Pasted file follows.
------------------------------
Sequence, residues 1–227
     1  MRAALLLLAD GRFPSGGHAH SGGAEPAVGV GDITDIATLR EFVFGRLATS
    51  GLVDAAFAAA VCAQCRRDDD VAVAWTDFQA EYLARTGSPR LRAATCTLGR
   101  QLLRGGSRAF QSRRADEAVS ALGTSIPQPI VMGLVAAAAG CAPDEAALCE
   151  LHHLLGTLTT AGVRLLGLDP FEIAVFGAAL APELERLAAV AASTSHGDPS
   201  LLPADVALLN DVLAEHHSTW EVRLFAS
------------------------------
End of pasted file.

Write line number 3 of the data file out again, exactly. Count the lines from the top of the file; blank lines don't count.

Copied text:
    51  GLVDAAFAAA VCAQCRRDDD VAVAWTDFQA EYLARTGSPR LRAATCTLGR